Q: How suitable is a Vizsla as a companion or family dog?

A: Well bred Hungarian Vizslas are a beautiful, cheerful, loving breed making them ideal pets for families with children, provided they are trained properly and get sufficient exercise.  Early training and regular exercise is crucial for a harmonious family relationship.  Vizslas are also extremely affectionate and thrive on and crave human interaction! They are called “the velcro dog” for a reason.  They are great with older children (ages 7 and upward), as younger children could  easily be knocked down by the Vizsla’s exuberant nature.  Contrary to common belief, Vizslas DO shed, but not as much as other hunting short haired breeds such as German Shorthair Pointers or Labrador Retrievers.  A short daily session of brushing with a brush suitable for a short haired breed will greatly reduce dog hair in the house from shedding.  If any family member has allergies to dog dander, they WILL be affected by a Vizsla living in the household!  Surprisingly, they do not have any unpleasant “doggy” odor provided they are bathed on occasion.

Q: The Vizsla is a Gundog. Please explain what this means to me if I am not into hunting?

A: GUNDOG: The English translation of the Hungarian word “vizsla” (pronounced VEESH-la), is “seeker”/”pointer” interchangeably.  A dog who has no interest in hunting or who will not seek and  point, does not fit the definition of a Vizsla.  He MUST possess a  natural hunting instinct and drive to be a true to type Vizsla.

Compared to other continental pointing breeds such as the English Pointer or the German Shorthaired Pointer, the original Hungarian Vizsla hunts at a persistent gallop, keeping in contact with his master, per the breed standard, yet in the end, does the same job.  He does not have the reputation for running at breakneck speeds and disappearing out of sight.  There is no need for a GPS tracking device on his collar, he will keep in contact with you.  The Hungarian Vizsla was bred for this specific style of hunting, which is DIFFERENT from other Gundogs. Sadly in many parts of the world, this niche hunting style is under assault,  thanks to many breeders “throwing out the breed standard” and catering instead to the desires of field trial enthusiasts bent on competing with pointers and setters or those who want to hunt on vehicles or on horseback instead of on foot.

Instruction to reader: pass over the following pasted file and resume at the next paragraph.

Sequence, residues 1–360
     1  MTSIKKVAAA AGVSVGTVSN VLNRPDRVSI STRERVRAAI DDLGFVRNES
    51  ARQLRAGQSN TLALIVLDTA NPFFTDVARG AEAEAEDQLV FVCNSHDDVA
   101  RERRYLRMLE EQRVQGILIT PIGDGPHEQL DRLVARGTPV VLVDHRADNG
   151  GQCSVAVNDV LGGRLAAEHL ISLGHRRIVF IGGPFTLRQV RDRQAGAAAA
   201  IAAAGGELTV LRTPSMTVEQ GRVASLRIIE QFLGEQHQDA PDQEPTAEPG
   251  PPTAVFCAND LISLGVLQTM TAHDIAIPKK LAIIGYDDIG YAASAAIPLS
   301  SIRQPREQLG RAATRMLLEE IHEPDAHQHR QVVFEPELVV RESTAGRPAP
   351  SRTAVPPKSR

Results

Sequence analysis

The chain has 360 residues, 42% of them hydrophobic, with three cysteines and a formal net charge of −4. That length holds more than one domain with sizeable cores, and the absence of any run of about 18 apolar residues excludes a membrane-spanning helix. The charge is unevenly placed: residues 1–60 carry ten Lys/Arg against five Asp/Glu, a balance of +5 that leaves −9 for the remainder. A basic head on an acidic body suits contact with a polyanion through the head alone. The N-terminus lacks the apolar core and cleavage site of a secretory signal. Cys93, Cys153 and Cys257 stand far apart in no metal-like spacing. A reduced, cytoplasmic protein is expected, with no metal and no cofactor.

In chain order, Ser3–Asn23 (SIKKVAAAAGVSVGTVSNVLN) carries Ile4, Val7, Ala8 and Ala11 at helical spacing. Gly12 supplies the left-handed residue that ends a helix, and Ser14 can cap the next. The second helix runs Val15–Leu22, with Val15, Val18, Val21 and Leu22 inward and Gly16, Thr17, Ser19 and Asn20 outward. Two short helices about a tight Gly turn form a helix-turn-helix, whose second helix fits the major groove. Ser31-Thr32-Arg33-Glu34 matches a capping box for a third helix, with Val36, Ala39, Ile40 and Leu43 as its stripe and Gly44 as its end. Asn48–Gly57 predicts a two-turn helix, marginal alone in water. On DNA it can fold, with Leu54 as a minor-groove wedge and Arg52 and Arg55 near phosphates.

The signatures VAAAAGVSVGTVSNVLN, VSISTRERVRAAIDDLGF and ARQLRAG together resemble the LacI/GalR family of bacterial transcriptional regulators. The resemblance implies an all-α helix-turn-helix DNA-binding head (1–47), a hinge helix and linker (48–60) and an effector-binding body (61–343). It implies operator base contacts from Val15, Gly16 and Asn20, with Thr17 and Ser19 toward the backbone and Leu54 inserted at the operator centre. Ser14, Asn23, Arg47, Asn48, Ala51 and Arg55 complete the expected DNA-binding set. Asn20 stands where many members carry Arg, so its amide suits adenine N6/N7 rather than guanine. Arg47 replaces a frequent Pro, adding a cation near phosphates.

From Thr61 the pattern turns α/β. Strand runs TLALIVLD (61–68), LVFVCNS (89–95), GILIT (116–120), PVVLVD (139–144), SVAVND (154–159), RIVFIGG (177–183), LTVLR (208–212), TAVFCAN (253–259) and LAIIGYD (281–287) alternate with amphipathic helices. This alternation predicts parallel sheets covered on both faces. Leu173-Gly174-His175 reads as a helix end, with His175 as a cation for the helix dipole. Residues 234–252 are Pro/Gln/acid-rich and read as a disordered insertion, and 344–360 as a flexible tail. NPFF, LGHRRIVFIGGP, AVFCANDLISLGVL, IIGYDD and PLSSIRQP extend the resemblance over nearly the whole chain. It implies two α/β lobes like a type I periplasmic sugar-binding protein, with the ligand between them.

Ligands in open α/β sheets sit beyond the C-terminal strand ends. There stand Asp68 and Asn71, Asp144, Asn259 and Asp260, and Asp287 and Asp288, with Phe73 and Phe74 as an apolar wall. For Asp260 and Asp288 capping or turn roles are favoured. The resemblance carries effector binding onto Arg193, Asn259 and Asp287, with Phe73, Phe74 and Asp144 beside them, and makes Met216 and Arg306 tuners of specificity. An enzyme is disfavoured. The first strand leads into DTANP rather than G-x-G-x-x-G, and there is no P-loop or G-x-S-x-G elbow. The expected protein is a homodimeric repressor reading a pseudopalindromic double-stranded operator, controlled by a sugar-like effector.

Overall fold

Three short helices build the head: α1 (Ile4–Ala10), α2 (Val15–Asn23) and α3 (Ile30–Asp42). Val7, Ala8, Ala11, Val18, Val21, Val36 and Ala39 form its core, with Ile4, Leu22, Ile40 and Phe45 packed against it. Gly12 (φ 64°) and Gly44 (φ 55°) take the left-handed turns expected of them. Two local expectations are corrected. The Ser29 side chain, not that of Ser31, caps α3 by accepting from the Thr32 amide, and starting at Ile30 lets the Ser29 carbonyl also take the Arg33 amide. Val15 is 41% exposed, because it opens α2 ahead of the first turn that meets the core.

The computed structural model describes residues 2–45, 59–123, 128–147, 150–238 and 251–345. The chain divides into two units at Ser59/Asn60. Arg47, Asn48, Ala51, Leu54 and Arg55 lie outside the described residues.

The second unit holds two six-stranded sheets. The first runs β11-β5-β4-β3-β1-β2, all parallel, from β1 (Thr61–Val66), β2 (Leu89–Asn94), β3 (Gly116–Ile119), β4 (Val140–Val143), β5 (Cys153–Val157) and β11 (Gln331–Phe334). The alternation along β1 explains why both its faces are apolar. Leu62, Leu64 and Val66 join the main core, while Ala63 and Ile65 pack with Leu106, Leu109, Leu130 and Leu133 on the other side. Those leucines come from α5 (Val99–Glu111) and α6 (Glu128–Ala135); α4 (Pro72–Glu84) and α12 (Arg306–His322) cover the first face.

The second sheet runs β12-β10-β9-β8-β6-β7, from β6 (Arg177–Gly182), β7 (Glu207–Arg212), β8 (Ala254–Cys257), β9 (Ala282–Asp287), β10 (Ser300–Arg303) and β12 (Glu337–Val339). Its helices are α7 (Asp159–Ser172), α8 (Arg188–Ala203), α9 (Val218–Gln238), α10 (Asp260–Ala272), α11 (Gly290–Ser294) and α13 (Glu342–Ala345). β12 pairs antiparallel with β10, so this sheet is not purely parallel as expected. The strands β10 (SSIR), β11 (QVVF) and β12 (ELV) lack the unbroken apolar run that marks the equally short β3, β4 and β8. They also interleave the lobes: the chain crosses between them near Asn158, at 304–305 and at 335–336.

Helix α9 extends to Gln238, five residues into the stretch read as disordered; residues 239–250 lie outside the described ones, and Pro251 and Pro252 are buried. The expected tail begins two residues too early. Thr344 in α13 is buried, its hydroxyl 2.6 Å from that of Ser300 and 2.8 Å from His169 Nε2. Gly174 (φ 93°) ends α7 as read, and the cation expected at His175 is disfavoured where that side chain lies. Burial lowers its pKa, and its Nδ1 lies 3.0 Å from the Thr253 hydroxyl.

FAMILY PET: If kept as a family pet only, the Vizsla will show his true colors by finding and pointing at birds, squirrels, lizards or even chasing butterflies and dragonflies whenever possible!  The stronger his natural hunting instinct, the stronger will be his interest in critters. He is a retriever as well as a pointer, so he will instinctively carry his toys in his mouth (sometimes more than one!) when he greets you and when he is happy and can make a nuisance of himself at times in this respect :). He is an intelligent breed and likes to have something to do.  This breed wants to be in very close proximity to humans, thus he has earned the name “velcro” dog. He would be miserable in a kennel, crate or backyard for hours and hours upon end and would develop behavioral problems if treated in this fashion.

Q:  Beside food and clean water, shelter, medical attention, love and human companionship, what other needs does a Hungarian Vizsla have?

A: NEED FOR EXERCISE AND MENTAL STIMULATION: Well bred Hungarian Vizslas may need about 20-30 minutes of vigorous exercise a day to drain some of their energy if they have been sedentary for most of the day.   But, including the dog in the activities of active children in the household may very well be all the exercise and mental stimulation a Vizsla will need.  They are especially suited to a family where an adult is at home during the day and who could fit the dog in with daily activities for body and mind stimulation throughout the day.  Ideally, hunt training and hunting would be their ideal activity,  but that is not always possible in this day and age.  There are other avenues that would work, well within the daily or weekly routines of an active family such as brisk walks, playing with children, jogging, trips to dog parks, playing catch and fetch with a ball or frisbee, obedience training, and/or some free off leash running in a larger safe fenced area or even use of a treadmill.  Each dog has his individual exercise needs, some need less, others need more.    Performance sports such as agility or flyball are very popular with Vizslas and they excel at it.  As the dog matures, his exercise needs decrease accordingly.  You should count on at least 20 minutes of vigorous exercise daily for a Vizsla that is NOT from an exclusive field line. V’s from solely field lines may need considerably more exercise. Country of Origin Vizslas are from a combination of field and show bloodlines.